Principles of General Anaesthesia


  • Triad of anaesthesia
    • Unconscious
    • Paralysis
      • Whilst anaesthetic agents will produce paralysis at high doses, the use of muscle relaxants will allow a lower dose to be used whilst keeping muscles relaxed.
    • Analgesia
      • Noxious stimuli, even in the unconscious patient, can elicit physiological responses.  Analgesic agents are used to reduce the ‘sensation’ and prevent this.


  • Volatile Anaesthetic agents
    • Induce unconsciousness and oblivion once adequate depth of anaesthesia has been achieved.  They can inhibit movement to pain and relax muscles partly by suppression of spinal reflexes.  I.e. useful maintenance agents
    • e.g. Sevoflurane; halothane; isoflurane
    • Can cause a drop in systemic vascular resistance and BP, and a reflex tachycardia
    • They do not provide any post-operative pain relief or any inhibition of the sympathetic response to pain (the latter may be achieved with very high doses)
  • IV anaesthetics (namely propofol)
    • Induce unconsciousness, oblivion and amnesia with adequate doses.  They are purely hypnotic, not analgesic (except ketamine).
    • They lack inhibition of spinal reflexes so are poor at inhibiting movement in response to surgery.
    • Examples include
      • Sodium Thiopental (3-7mg/kg)- often preferred for rapid sequence induction
        • Onset 30sec; Offset 5-10mins; Metabolised by the liver to pentobarbital (active) (also an antiepileptic as well as hypnotic and analgesic); Problems include: narrow therapeutic index and overdose may cause cardiorespiratory depression; negative inotropic effect- drop in BP; extremely painful and limb-threatening if given intra-arterially (saline dilution, papaverine to dilate the artery and sympathetic blockade to improve blood flow); NOTE sensitises the larynx and CANNOT be used with laryngeal mask airways (LMAs); Contraindicated in porphyria
      • Propofol (1-2.5mg/kg)
        • Onset 30sec; offset 3-7mins; (can also be used as continuous infusion to maintain anaesthesia); metabolised in the liver; common side effects: Inotropic effect- Myocardial depression and reduction in SVR -> hypotension, little effect on HR, dose dependent respiratory depression, can be painful (often combined with lidocaine); PONV much less likely and less allergies
      • Etomidate (0.25-0.3mg/kg)
        • Onset 30sec; Offset 3-7mins; metabolised in plasma and liver; fewer side effects and better haemodynamic profile but PONV more common and can cause adrenocortical suppression; may be painful (reduced by lipid solution); avoid for sedation in intensive care and porphyria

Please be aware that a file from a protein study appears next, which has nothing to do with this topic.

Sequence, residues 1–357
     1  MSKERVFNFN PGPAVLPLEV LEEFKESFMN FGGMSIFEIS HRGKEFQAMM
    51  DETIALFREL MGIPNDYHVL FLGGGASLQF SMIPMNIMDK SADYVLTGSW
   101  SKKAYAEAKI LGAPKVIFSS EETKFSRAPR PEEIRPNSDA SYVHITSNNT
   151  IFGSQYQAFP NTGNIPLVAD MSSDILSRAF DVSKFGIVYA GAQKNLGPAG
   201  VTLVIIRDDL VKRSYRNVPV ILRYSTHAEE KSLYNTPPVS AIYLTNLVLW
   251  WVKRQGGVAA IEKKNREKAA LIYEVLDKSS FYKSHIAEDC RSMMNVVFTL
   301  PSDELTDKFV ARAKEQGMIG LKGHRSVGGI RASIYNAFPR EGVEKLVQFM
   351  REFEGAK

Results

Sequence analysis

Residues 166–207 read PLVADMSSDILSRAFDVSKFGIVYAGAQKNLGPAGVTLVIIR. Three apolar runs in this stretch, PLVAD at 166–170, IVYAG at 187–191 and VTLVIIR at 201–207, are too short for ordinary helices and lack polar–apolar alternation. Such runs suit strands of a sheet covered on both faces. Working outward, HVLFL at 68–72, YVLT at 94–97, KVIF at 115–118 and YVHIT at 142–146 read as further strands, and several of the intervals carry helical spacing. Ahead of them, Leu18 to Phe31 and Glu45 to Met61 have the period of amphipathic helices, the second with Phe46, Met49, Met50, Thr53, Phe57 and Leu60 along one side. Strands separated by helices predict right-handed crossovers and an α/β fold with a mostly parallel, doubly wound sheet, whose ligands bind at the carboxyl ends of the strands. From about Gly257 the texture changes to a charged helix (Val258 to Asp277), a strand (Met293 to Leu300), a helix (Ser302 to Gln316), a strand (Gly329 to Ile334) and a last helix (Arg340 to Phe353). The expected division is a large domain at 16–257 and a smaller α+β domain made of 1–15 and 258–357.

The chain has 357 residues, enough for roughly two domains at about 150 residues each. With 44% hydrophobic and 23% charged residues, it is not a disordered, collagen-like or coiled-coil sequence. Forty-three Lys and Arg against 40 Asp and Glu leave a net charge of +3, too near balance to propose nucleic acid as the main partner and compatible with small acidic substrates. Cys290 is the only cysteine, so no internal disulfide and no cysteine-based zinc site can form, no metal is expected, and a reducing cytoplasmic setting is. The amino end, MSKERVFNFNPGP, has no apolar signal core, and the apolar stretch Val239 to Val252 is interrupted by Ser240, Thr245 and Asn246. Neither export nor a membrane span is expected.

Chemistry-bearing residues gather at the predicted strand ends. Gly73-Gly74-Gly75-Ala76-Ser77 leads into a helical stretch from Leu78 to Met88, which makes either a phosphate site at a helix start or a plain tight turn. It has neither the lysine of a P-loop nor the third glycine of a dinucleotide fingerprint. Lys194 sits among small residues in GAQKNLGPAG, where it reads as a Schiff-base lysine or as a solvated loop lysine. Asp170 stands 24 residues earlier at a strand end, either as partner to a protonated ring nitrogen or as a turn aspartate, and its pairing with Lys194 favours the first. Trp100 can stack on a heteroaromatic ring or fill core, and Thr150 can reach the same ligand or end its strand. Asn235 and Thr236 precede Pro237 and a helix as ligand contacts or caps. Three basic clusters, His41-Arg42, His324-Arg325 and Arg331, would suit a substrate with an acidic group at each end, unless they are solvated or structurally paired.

• Others include ketamine (which can be a good choice in heart disease/haemodynamic instability as it is not negatively inotropic and will not depress cardiac output)
  • Other drugs commonly used by anaesthetists
    • Benzodiazepines (see also sedation)
      • Mainly due to their amnesic/anxiolytic effect and synergy with opioids and other anaesthetic agents.
      • They also contribute towards muscle relaxation (but not abolish movement)
      • No analgesic effects
    • Muscle relaxants (neuromuscular blockers)
      • Produce muscle relaxation by blocking transmission at the NMJ
      • Two types:
        • Depolarising: maintains muscles in the depolarised (relaxed) state.
          • e.g. suxamethonium
          • quick acting- preferred generally for rapid sequence induction; generally irreversible
          • may cause muscle pain; hyperkalaemia; bradycardia; change in BP; rarely malignant hyperpyrexia
        • Non-depolarising: Slower onset but longer duration
          • e.g. rocuronium – has the advantage that it can be reversed by agents such as sugammadex
      • No anaesthetic or analgesic properties so must be used in conjunction with these (otherwise awareness whilst paralysed)
      • Required if intubation is necessary (not necessarily required if supraglottal airways are used)
    • Simple analgesia
      • Postoperative pain relief; often used with opioids to reduce the dose and to potentiate the analgesic effect